Barbara Phelan, Director of Diversity Directorate, Department of Defence


12:20 Lunch and networking break

STEM WORKING FOR THE DEFENCE INDUSTRY


13:15 CASE STUDY | Army Drone Programs

—— The Australian Army is Australia’s biggest user and operator of drones, and many of our soldiers race drones in the civilian drone racing association on weekends. The Army Drone acing Team was formed to bring together our racers to compete in the national competition framework and additionally to form a central element of Army STEM outreach.
—— Drone racers are self-taught through YouTube and collaboration how to solder, code, manage datalinks, construct videos, maximise battery and motor efficiency, use hand tools and understand mechanics and aerodynamics. These are the kids who are the face of modern STEM and are the young adults we want to recruit into an ever more technical Army.

Brigadier General Chris Mills, Director-General, Army Modernisation, Department of Defence


13:45 PANEL | What does industry need from STEM graduates?

—— A discussion on how industry sees STEM students adding value to the sector
—— How can a STEM strategy be shaped to benefit both private and public interests?
—— How is success measured? What are the KPIs and metrics for deciding which industry/department programs are successful?
—— Is WIL (Work Integrated Learning) the future of education/industry collaboration; Successes and challenges within this area?

Shelley Willsmore, Director – Human Resources, BAE Systems
Dr Michael Myers OAM, Executive Chairman, Re-Engineering Australia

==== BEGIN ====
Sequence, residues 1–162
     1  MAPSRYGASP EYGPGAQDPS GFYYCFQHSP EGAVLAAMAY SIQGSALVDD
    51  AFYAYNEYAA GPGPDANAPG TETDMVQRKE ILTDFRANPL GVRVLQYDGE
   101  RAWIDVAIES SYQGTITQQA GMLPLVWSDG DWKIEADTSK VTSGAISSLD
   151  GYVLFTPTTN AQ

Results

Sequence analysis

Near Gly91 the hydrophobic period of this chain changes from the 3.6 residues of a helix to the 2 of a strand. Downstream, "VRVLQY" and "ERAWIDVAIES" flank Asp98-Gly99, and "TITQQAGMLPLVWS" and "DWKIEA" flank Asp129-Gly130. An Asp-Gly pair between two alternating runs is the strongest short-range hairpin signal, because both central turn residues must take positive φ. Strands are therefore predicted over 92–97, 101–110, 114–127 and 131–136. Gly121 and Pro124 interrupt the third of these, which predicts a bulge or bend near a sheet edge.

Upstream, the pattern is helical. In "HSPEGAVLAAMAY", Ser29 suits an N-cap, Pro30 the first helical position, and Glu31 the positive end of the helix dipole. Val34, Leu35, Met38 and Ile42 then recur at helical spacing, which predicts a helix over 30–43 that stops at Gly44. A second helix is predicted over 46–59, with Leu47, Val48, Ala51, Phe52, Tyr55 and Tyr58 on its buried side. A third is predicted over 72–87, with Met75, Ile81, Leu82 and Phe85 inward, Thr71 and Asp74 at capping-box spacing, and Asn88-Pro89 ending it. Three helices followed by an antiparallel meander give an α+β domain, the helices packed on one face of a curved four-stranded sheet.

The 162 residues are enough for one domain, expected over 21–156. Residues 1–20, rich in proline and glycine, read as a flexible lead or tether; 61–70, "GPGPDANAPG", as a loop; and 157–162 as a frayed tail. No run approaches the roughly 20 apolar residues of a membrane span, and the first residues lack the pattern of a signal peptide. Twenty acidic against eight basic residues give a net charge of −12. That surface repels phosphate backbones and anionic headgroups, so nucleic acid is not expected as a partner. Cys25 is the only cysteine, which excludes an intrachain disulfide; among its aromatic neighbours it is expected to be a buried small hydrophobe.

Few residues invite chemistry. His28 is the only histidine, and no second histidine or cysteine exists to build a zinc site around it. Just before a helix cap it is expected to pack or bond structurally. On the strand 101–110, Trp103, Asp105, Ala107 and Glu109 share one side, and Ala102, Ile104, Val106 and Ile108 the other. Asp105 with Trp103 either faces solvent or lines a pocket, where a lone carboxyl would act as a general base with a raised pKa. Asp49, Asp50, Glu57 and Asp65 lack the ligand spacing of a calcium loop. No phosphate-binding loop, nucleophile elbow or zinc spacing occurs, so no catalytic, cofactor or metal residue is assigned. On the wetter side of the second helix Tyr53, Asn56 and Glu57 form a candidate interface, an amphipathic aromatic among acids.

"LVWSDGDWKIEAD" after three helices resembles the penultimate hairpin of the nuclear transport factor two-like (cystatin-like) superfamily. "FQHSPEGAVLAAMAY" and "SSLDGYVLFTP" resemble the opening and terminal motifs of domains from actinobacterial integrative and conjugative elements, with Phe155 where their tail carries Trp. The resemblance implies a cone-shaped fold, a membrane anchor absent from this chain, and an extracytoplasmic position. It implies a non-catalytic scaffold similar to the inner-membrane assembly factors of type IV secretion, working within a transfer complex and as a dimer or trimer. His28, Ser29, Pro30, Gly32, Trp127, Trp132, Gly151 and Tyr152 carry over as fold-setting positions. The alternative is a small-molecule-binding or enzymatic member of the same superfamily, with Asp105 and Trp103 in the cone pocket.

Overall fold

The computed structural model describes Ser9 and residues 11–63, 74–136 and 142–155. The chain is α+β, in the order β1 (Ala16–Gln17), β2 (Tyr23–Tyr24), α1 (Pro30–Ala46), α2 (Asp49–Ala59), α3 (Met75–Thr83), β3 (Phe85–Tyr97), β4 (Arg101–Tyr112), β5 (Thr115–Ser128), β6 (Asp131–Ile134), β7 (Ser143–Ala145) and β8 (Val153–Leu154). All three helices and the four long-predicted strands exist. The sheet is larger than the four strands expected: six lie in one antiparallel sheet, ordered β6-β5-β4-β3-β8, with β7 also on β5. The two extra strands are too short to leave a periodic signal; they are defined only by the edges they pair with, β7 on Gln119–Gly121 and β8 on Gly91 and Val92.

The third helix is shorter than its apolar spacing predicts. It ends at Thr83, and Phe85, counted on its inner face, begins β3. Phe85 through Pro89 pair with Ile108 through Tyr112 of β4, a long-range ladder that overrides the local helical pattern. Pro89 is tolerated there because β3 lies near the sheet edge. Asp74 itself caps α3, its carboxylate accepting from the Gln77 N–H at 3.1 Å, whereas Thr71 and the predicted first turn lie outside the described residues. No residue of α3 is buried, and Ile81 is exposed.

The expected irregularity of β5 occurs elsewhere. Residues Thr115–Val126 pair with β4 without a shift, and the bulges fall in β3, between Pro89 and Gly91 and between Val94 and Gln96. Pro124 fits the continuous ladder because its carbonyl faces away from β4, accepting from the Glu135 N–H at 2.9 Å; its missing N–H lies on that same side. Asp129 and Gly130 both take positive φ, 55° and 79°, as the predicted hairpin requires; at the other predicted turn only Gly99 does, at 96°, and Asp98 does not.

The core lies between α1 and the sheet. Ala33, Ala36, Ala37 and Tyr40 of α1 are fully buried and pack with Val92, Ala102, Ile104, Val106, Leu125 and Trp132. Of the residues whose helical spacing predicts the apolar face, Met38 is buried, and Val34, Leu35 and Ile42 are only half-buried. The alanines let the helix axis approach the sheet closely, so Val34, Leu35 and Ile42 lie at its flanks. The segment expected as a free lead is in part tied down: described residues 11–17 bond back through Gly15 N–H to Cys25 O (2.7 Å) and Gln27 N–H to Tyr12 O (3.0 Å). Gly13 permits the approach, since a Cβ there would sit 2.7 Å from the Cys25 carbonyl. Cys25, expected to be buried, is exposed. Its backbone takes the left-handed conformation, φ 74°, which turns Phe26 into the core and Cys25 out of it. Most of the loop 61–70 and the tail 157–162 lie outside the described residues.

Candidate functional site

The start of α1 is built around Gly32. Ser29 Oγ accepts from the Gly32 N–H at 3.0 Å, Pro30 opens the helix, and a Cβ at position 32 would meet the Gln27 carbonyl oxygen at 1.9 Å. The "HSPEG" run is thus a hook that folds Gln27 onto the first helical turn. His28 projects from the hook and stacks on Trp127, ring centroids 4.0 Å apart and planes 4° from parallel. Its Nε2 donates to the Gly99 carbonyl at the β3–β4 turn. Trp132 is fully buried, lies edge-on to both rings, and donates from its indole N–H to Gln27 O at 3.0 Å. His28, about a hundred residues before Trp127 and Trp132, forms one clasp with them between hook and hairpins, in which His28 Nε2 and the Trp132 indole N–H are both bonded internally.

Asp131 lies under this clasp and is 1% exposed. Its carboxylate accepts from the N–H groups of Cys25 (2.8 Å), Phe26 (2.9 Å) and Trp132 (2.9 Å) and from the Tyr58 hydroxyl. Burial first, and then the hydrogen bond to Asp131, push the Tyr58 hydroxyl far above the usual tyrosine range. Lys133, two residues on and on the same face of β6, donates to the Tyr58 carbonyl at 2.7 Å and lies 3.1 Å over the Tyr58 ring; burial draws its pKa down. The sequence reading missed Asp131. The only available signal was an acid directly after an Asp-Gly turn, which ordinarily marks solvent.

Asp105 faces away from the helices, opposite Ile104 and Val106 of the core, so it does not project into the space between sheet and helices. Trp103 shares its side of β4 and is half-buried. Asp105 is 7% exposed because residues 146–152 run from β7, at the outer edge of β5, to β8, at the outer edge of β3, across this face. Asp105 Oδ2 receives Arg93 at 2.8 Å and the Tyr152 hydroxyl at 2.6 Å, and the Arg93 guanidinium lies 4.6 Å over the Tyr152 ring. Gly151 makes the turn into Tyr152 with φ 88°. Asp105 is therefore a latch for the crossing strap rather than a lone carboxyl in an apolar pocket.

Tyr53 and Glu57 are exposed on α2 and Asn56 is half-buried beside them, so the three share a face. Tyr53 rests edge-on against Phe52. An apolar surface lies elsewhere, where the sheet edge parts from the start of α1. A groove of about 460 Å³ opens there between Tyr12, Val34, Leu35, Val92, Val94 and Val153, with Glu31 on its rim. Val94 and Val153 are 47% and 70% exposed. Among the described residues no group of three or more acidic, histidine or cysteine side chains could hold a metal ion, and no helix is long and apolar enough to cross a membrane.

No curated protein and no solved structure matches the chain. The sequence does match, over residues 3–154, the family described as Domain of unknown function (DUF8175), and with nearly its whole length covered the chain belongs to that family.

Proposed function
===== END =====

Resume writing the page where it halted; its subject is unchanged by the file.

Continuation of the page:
Amanda Holt, CEO and Chief Engineer Defence & Aerospace, SYPAQ Systems
Pauline Richards, Director- Human Resources, Navantia


14:30 CASE STUDY | Defence Industry Skilling Program

Spotlight on the ME Program and how it has successfully created the Defence Industry Skilling Program, specifically designed to train and mobilise graduates into the Defence industry – prepared and knowledgeable about the expectations of a career in Defence.

Rick Evans, Industry Development Officer, ME Program


15:00 Network and refreshment break

CREATING, MAINTAINING AND INNOVATING PATHWAYS BETWEEN DEFENCE AND EDUCATION


15:30 CASE STUDY | TAFE and Defence Industry

How TAFE and the Department of Defence have created, sustained and improved on offering a pathway for VET students to enter the Defence sector; What lessons are there to be learnt from this program and how could they be applied across all areas of Defence and Education?

Robin Murt, CEO, TAFE SA


16:00 CASE STUDY | Moonhack

—— A closer look at Code Club Australia and how they capture the imagination of Australian students to help improve digital literacy
—— How can educational enterprises innovate to promote a future in the Defence industry?
—— How can initiatives such as this move forward together with Defence to create more valuable and educational opportunities for young Australians?

Kelly Tagalan, CEO, Code Club Australia


16:30 CLOSING | Closing remarks from the Chair


16:45 End of Conference